Remote monitoring device detects AMD progression

Patients surveyed say the handheld tool proved to be comfortable and easy to use.

A handheld, standalone device provides easy, fast, and comfortable remote monitoring for patients with dry age-related macular degeneration.

Reviewed by Angela Christine Yim, BA; and Yannis Mantas Paulus, MD, FACS

A handheld, standalone device provides easy, fast, and comfortable remote monitoring for patients with dry age-related macular degeneration (AMD), according to Angela Yim, BA; and Yannis Mantas Paulus, MD, FACS. Yim is a student at the University of Michigan Medical School in Ann Arbor. Paulus is the Helmut F. Stern Career Development Professor of Ophthalmology and Visual Sciences and an associate professor in the Department of Ophthalmology and Visual Sciences and Biomedical Engineering at University of Michigan Health Kellogg Eye Center. The investigators tested the device in a clinical setting.

Cross-sectional study of device use

Patients with AMD who were 50 years or older participated in a trial of the device at the Kellogg Eye Center outpatient retina clinic following Investigational Review Board approval by the University of Michigan.

After using the device, patients completed a device survey and the System Usability Scale survey. The primary outcome was the testing duration, and the secondary outcome was the patient-reported usability and comfort while engaged with the device, the investigators said.

Thirty-one patients (mean age, 77.4 years) completed the study and 1 patient withdrew after completing the study. The patients were evenly divided by gender (50% men, 50% women).

Yim reported that the mean total testing time was just above 2 minutes (126 seconds with a standard deviation [SD] of 56 seconds) and the mean System Usability Scale score was 77.7 (SD, 11.9), indicating the device had easy usability.

An image taken from the handheld device.

The vast majority of the patients, 97%, reported that both the time required to use the device and the ease of use of the device were acceptable; 90% of patients said the device was comfortable to use.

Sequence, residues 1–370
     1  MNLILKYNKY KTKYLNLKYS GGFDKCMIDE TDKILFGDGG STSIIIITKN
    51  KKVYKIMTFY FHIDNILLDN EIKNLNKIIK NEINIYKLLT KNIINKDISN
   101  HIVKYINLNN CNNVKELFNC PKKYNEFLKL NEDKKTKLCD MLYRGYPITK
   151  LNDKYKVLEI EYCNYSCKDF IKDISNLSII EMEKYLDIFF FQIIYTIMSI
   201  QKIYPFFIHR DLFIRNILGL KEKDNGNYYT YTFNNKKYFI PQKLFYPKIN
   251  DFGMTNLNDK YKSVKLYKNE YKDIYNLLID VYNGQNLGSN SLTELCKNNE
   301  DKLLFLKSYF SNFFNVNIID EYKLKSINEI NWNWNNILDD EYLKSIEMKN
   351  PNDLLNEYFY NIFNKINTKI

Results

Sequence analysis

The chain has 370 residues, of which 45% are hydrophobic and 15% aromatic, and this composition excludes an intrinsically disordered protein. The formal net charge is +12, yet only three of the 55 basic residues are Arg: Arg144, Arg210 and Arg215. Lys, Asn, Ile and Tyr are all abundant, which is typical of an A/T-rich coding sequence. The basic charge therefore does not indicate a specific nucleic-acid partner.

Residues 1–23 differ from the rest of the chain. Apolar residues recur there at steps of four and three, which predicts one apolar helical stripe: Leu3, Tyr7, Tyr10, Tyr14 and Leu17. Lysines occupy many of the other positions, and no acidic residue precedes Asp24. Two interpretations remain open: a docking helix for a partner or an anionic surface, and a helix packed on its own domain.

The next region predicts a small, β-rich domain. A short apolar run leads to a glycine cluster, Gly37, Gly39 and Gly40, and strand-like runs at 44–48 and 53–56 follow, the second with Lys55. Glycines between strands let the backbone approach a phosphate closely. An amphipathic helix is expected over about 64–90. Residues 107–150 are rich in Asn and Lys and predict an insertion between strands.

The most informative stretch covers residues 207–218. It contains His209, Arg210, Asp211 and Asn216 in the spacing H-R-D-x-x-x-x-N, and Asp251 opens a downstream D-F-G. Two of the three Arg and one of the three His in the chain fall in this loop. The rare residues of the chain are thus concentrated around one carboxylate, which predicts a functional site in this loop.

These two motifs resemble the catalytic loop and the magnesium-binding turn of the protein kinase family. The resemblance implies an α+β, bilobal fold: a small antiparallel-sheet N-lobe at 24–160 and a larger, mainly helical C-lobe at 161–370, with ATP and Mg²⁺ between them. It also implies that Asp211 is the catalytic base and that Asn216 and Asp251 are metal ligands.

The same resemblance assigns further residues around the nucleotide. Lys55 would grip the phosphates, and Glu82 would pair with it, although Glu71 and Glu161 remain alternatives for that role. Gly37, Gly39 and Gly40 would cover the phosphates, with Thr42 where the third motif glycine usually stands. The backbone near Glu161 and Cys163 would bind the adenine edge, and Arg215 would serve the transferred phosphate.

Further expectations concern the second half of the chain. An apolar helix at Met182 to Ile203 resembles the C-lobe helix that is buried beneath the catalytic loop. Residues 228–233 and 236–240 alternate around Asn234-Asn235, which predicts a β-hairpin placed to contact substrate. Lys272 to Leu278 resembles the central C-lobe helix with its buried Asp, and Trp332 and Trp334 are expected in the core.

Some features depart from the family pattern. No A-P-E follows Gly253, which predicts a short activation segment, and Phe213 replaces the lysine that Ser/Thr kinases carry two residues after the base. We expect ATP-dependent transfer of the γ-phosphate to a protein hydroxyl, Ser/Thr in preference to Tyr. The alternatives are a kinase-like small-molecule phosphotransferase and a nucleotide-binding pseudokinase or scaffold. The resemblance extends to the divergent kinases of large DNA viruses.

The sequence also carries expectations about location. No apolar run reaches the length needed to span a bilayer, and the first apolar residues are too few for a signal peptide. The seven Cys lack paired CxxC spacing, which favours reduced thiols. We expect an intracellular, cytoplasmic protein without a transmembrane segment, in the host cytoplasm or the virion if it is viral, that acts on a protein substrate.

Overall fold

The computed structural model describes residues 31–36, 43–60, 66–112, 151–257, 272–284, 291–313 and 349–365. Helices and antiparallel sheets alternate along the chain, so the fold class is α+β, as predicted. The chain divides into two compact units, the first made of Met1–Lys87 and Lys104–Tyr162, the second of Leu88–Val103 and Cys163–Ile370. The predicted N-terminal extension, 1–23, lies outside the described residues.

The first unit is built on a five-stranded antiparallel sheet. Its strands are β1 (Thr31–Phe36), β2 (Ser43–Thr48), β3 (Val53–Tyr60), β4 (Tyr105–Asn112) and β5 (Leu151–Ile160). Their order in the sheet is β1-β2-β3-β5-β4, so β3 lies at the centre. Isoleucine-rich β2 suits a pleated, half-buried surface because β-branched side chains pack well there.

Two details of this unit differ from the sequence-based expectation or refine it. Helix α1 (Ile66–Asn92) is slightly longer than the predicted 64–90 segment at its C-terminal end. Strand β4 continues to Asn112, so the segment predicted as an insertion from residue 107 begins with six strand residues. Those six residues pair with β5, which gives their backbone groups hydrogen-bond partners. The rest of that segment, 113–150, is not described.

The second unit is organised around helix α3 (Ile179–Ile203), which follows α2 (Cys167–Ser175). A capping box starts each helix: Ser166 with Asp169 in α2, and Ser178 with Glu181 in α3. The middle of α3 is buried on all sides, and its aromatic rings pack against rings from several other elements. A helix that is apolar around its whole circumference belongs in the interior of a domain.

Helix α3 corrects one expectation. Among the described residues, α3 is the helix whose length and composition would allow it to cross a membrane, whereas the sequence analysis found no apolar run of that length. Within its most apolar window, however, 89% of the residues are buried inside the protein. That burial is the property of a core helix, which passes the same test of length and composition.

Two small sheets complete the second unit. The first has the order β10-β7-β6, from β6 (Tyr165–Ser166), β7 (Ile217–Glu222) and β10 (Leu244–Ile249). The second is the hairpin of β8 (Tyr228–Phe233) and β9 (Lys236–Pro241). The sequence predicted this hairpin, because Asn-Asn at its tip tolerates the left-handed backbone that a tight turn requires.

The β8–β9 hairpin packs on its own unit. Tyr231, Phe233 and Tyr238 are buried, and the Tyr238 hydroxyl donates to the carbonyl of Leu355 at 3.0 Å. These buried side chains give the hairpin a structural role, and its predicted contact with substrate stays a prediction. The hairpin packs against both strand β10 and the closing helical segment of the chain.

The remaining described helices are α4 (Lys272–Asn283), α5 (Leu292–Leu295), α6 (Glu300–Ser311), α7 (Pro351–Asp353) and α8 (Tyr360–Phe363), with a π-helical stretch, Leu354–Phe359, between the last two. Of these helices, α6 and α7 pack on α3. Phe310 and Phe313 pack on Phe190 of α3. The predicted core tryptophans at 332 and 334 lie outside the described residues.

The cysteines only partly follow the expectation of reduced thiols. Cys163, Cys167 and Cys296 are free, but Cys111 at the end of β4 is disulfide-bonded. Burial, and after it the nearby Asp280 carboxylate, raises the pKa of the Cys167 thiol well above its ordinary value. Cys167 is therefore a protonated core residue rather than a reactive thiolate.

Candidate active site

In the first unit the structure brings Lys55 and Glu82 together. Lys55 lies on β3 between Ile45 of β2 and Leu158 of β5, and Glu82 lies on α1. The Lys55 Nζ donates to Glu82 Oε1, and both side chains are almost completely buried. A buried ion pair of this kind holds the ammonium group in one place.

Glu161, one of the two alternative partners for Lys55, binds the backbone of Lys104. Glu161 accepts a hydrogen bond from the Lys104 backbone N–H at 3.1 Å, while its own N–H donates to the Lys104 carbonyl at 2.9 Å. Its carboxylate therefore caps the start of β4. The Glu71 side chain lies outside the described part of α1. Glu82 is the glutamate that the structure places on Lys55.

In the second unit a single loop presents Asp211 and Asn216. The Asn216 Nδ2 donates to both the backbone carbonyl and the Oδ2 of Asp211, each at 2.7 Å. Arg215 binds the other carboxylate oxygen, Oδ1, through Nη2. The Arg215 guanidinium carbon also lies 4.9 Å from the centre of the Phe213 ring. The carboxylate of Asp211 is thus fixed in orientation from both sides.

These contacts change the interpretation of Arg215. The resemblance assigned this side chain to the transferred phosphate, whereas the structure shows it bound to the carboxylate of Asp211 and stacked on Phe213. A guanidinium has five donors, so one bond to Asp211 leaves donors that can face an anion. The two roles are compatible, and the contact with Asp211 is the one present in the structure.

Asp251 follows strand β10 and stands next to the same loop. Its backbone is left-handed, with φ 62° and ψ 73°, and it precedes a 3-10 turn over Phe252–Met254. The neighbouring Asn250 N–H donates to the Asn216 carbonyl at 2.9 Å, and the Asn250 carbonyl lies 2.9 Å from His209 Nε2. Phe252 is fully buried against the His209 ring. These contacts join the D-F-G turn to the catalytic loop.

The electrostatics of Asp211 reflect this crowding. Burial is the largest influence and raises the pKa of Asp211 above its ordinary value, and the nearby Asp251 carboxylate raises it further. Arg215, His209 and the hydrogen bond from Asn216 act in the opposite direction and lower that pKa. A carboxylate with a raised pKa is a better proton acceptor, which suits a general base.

Based on the surveys, this device seems to have a promising future for home monitoring of AMD. Being handheld makes it rapid, easy, and comfortable for patients to use to monitor their AMD. The investigators believe that the usability demonstrated by the device supports further clinical trials to demonstrate the reliable detection of AMD progression.

AMD is a leading cause of blindness in the world, Paulus said, noting that the majority of vision loss occurs at the transition from dry to wet AMD. Timely identification of this transition is critical to initiate anti-VEGF treatment.

“This novel, handheld device using shape discrimination hyperacuity is comfortable, easy, and quick to use, requiring only 2 minutes in this clinical validation among dry AMD patients.” Paulus concluded.

Angela Yim, BA

E: ayim@med.umich.edu

Yim has no financial interest in this technology. She is a medical student at the University of Michigan Medical School.

Yannis Mantas Paulus, MD

E: ypaulus@med.umich.edu

Paulus is an inventor on a submitted University of Michigan patent application (42904767) titled “Apparatus for testing age-related macular degeneration and method of using the same.”

He is the Helmut F. Stern Career Development Professor of Ophthalmology and Visual Sciences and an associate professor in the Department of Ophthalmology and Visual Sciences and Biomedical Engineering at Kellogg Eye Center, University of Michigan Health, Ann Arbor.

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